FOX CREEK, Alta. — An energy company has stopped operating in a part of Alberta subject to heavy hydraulic fracking after the province's energy regulator reported the area's largest earthquake in more than a year.
"They have ceased operations and will not be able to resume until we have approved their mitigation plans," Carrie Rosa of the Alberta Energy Regulator said Tuesday.
No injury or damage was reported from the quake, which occurred about 35 kilometres west of Fox Creek.
Rosa said final readings of the quake's strength registered 4.8 on the Richter scale, which rates tremblors of that magnitude at the top of the "light"' classification. They're likely to be felt by most people in the area and may cause noticeable shaking and rattling of indoor objects.
"It felt like a large truck driving by. Some saw pictures shake on the wall."
Some residents did feel the quake, said Fox Creek operations manager Roy Dell.
"It felt like a large truck driving by," he said. "Some saw pictures shake on the wall. The Town of Fox Creek is disappointed to hear of another seismic event."
Rosa said Repsol Oil and Gas won't be able to resume operations until the regulator has approved its mitigation plans.
"We have to find out what was occurring at the time the seismic event happened," she said. "We have investigators on the way to the site.''
New rules implemented
Concerns about seismic activity in the Fox Creek area began in December 2014 when a series of 18 earthquakes between 2.7 and 3.7 in magnitude rumbled through. In January 2015, several shakers were recorded between magnitudes of 2.4 and 4.4.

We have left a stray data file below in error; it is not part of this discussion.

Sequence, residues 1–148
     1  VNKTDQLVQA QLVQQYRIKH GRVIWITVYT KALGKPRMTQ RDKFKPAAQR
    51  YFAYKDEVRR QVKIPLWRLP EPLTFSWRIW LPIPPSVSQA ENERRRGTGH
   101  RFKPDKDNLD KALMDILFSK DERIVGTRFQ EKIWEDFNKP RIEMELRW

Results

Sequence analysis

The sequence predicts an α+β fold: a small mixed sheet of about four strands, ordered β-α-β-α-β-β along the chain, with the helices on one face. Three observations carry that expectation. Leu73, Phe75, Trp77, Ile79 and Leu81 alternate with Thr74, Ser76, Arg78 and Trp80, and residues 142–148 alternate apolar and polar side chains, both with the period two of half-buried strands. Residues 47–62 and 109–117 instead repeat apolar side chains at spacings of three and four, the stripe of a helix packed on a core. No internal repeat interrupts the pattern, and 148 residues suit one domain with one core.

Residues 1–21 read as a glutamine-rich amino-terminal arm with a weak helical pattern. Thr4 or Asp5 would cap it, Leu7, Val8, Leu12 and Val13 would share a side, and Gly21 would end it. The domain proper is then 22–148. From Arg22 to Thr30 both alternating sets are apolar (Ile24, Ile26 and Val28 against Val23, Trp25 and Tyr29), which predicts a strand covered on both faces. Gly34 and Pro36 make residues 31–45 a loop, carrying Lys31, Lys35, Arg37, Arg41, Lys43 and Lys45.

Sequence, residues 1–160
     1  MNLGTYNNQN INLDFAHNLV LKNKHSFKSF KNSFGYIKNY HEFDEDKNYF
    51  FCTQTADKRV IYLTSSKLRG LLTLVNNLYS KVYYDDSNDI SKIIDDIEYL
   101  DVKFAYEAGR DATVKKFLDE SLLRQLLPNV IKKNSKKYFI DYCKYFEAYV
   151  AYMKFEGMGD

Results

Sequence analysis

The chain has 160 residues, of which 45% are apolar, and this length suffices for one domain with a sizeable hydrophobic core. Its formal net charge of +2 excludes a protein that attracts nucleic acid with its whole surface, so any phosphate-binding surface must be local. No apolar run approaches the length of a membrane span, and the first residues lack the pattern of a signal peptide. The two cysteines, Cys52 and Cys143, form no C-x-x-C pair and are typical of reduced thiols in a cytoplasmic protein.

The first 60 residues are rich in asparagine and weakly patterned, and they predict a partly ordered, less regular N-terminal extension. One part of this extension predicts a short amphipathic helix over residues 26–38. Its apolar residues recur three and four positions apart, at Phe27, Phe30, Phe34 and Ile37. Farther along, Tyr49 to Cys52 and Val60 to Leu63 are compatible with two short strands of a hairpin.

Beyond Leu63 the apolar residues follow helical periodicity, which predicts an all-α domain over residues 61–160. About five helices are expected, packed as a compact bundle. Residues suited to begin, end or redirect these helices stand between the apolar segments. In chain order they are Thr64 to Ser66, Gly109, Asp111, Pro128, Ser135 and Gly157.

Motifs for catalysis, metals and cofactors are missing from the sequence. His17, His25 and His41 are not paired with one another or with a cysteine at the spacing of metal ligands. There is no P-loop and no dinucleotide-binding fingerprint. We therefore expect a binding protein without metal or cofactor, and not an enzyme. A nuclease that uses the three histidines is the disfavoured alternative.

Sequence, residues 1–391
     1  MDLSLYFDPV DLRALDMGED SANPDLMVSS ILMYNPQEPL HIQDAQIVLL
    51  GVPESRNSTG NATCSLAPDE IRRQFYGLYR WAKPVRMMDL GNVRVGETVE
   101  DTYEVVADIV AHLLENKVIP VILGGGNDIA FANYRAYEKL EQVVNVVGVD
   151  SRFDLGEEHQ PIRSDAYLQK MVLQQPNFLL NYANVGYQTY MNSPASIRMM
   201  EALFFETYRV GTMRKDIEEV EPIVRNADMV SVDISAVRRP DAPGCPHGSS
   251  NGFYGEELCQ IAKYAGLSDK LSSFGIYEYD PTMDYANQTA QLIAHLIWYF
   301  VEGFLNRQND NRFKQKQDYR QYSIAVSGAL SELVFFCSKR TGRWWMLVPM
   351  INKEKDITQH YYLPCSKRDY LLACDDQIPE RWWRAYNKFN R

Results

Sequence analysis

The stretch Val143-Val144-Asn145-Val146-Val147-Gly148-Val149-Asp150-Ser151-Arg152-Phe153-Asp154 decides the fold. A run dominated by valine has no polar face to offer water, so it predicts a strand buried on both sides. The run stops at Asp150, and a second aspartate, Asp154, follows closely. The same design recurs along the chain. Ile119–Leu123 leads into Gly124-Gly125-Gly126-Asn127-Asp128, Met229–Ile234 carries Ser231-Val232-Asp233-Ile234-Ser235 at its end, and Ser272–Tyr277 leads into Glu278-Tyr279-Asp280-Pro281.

The regulator responded in February by imposing new rules for the so-called Duvernay play near town.
"The order comes after several seismic events — possibly related to hydraulic fracturing — were recorded in the Fox Creek area," the regulator said in a news release at the time.
Under the rules, companies must consider the likelihood of resulting earthquakes before starting to frack. Any seismic events greater than 4.0 on the Richter scale require an operator to shut down and notify the regulator. Quakes between 2.0 and 4.0 don't prompt a shutdown, but an operator must still inform the regulator. No activity is required for anything less than 2.0.
The rules also require closer monitoring of seismic activity.
Alberta Premier Rachel Notley said she wants the regulator to speed up a review the NDP government has asked for into seismic activity in the area.
"My officials have been in touch with the AER to find out exactly what the situation is and we're waiting to get more details," Notley said in Edmonton.
"The AER has been engaged in a review of fracking, in particular as it relates to this issue, and I'll be asking them to speed that review ... to come up with some recommendations that we can consider sooner than later.
"What I'd like to see first of all is a report on what the evidence shows is the relationship between fracking and the seismic activity that we've observed up in Fox Creek."
The regulator's database shows there have been 366 seismic events in the region since January 2015.
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